During the summers as a teenager I taught swimming at one of my hometown’s Olympic sized pools. From June through August six levels of classes ran simultaneously, swapping out groups of kids every 30 minutes for the two hours wedged between the morning and noon workouts of the local swim team. I’d quickly grab something to eat after workout then jump into teaching one of the two levels, that by the time I was fourteen, everybody who had a vote wanted me to teach.
One of those classes was with three and four-year-olds, the Tadpoles, as they were called. You might have been one once yourself. Most Tadpoles, although perhaps initially a little hesitant, would slip into the water easily enough with the encouragement of a friendly instructor, but not my little non-swimmers. Mine were hand picked—triaged would be more accurate—not for their stellar aquatic potential, but because it was clear they were beyond reluctant and just NOT going to get in the pool. These kids, who were probably perfectly fine everywhere else in their lives, at the pool, without a parent next to them, were scared (insert expletive).
They weren’t just anxious about getting in the pool, they were on a crying jag and in full meltdown mode as a pool attendant brought them to me. This happened so often at the beginning of each new series of lessons that it began to seem perfectly normal. Their concerned parents, sitting behind the cyclone fence twenty feet away, watched every move I made, praying the reports about me were true. The word was I could get any child in the water and make a fish out of the little rascal. All bets were on me, a kid in a Speedo. In just a couple of summers I’d become the panicked-child-at-the-pool whisperer.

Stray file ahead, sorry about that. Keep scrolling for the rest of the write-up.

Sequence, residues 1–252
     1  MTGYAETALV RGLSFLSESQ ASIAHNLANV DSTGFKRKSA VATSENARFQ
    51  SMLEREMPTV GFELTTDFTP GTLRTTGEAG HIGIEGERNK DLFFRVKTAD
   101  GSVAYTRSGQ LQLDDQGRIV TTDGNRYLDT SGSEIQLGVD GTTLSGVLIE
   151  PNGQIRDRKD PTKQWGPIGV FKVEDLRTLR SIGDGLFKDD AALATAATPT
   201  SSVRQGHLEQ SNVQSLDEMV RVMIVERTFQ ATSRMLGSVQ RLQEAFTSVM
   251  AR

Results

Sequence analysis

This was not an accident.
When I’d been a wee Tadpole I wasn’t happy in the water either and I clung to the side of the pool for dear life. Not the best way to learn to swim. My experience helped me understand the fear my Tadpoles had of the water. Which was really a fear of the pool because there was SO MUCH water.
Plop any of these kids in their own bathtub with a few inches of warm water, some bubbles, and a couple of floatable toys and they’d be in their element feeling like Nemo. Bring them to an Olympic sized pool filled with strangers and noise—not too mention 660,000 gallons of chlorinated water—and they simply got overwhelmed. They wanted their parents and they wanted to go home. Instead, they got me.
The missing pieces from my experience as a shivering, stubborn Tadpole were an extra dose of sensitivity, some practical aquatic information, and a sense of belonging to the larger whole. My swim instructor was very kind, but it can take more than an affable personality to assuage a child’s fear. That kid needs to trust you.
So as an instructor, although I was certainly friendly, I’d start very very slowly. First, I’d sit on the side of the pool and talk to these scared little kids. With my feet dangling in the water, I’d explain that if they wanted to get in the pool with me I would hold them the entire time and put them back on the deck the second they asked me to. I told them that one day, if they wanted, I would teach them how to float on top of the water and then how to swim underwater.